Monday, May 9, 2011

Your screws are loose

Since I am bringing the App to more xc schooling this weekend and not the TWH, I continued with my plan to school the TWH over jumps.  I really want to solidify the idea that refusal is never the best option and that I can test him and he just has to figure it out.  Thus, out came the jump standards and lunge line but this time I had a camera!  Apologies in advance for the pic quality, only so much one can do when I have to drive, drive, drive with the lunge whip to get him over big jumps plus manage the line plus manage the camera.  I can say the jumps in which I wasn't trying to take a picture did go better.

I set up an easy oxer, about 2 feet wide with "wings" on the inside so the lunge line will side over.  The wings make a smooth line over the standard so the line can't catch and bring fences or horses down.  Jump cups are their resting point with the poles being laid over the top of the standard itself.

I really wanted to push the TWH's limits today and see what his limits are.  I want to start jumping under saddle again and need to know where the gaps are over bigger fences. So instead of progressing slowly like normal with a crossrail I immediately put him over a 2' vertical and then oxer and we had no issues.

Easy peasy
I bumped it up to 2'6" and again we had no issues jumping though we started to have "other" issues.  Like the inability to "whoa" or "walk"?  We took a small break and worked on those issues and when I thought we were okay I started again.  Looking back I now realize "the package was breaking" at this point.

Two six is easy too.  Baby stuff!
3 foot came much easier than I expected, there wasn't any refusal or hard looking, he just jumped it like I had hoped and I was quite happy!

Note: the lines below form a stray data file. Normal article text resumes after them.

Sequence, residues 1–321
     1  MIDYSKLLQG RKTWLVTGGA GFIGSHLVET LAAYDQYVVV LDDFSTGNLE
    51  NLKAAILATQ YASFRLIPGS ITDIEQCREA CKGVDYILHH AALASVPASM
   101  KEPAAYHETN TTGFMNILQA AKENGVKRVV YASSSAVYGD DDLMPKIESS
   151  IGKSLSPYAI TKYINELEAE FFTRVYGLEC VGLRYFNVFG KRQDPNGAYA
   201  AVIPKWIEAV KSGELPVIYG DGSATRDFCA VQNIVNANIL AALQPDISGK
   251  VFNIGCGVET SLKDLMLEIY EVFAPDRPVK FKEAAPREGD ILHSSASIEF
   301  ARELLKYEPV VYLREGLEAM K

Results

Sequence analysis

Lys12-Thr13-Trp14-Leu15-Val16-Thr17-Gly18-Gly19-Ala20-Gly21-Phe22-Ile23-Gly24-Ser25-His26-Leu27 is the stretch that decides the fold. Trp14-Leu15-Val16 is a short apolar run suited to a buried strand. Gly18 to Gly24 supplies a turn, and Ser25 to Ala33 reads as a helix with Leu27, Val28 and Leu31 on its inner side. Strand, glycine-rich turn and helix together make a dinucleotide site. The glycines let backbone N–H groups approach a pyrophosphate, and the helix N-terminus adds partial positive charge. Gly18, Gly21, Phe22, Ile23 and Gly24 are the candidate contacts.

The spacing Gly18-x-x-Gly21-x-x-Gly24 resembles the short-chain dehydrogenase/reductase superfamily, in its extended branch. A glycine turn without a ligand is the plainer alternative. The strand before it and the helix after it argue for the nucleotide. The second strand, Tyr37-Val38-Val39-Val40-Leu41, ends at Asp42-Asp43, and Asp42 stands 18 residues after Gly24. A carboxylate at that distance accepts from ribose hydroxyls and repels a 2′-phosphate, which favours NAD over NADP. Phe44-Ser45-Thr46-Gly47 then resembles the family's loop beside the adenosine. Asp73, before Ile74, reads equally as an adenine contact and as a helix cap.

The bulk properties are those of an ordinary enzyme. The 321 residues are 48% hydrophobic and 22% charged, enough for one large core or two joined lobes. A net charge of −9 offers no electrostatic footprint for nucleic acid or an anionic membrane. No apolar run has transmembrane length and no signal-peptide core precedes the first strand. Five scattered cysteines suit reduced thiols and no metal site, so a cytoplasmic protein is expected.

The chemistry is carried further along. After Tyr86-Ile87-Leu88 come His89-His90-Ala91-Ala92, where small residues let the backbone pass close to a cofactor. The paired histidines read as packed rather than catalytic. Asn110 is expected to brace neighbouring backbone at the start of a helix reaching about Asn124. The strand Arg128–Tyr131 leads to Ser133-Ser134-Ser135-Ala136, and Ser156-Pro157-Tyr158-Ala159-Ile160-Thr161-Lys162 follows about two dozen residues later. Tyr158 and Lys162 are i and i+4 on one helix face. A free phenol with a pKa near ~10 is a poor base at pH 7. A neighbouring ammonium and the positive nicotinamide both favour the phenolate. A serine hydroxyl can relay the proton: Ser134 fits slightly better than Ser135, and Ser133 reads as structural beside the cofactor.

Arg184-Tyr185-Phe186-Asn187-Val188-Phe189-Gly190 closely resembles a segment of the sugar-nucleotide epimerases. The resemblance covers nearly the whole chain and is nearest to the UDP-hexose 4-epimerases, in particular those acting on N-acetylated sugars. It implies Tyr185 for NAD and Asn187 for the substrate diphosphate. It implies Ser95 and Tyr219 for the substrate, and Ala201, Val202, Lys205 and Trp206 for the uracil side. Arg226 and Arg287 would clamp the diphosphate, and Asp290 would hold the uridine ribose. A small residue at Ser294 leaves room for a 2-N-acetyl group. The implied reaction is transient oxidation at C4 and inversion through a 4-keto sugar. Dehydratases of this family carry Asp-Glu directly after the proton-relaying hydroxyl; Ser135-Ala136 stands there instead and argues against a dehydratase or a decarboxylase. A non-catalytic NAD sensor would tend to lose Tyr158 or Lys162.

Burning calories here, 3' means we gotta really push. Notice lunge whip lash on left
Three foot isn't too bad anymore.

Hind feet can clear jumps!  They are about 3' 9" high here
At this point, however, I started to notice the package of screws really wasn't right.  The ability to calmly walk was suffering and if I picked up the lunge line he would immediately start trotting instead of waiting for a cue to move.  After some pretty firm convincing, the TWH remembered he could listen on a lunge...sometimes.  I really needed to finish the exercise however so I bumped the jump straight up to 3'6" and waited to see what happened.
Notice how high the hind feet are, over a foot above the jump standard,
front feet brought the poles down
The front feet are again bringing a rail down
 Yeah, that is what happened.  He clips the jumps with his front feet, almost never his back, and brings it down. The second time being presented to the jump he did refuse, he slowed down to a halt in front of it.  Not skidding, just a trot/pace then a walk and a stop.  Needless to say he got chased over the jump and that was again the only time there was a refusal.  We then started getting real jumps


Need to tuck just a little more and jump a little further back. Notice how vertical
he/his back is b/c he is jumping so close to the fence.
Nicely done

At this point his brain was pretty frazzled and he was pretty bug-eyed.  He couldn't listen or concentrate so I put the jump back down to 3', put him over it until it was clean 2x and then did some light groundwork to mend is broken mind.  Poor guy had his screws all over the place and not in that nice little package of a brain.  I am going to do a lunge line session with him tomorrow to reestablish the basics and hopefully unfrazzle his brain.

Overall I am happy with his progress and am very happy with some of his efforts.  He has learned he has to jump things even if he knows he will bring them down.  He has learned how to jump big things.  I will now bump him back down and work on some stretching over fences and getting him to jump them correctly, he really likes to put himself really deep/close to the jump which will be bad for me as a rider.  On the plus side, however, now hopefully he won't refuse just because he sees a jump and it is big.

1 comment:

  1. I wonder if his habit of jumping too close is what led to the refusals. Have you ever used a ground pole with him to have him take off earlier? That's about the extent of my jumping knowledge so the only suggestion I have but good luck putting all the screws back in his brain lol! Oh and I love all of the pictures. :)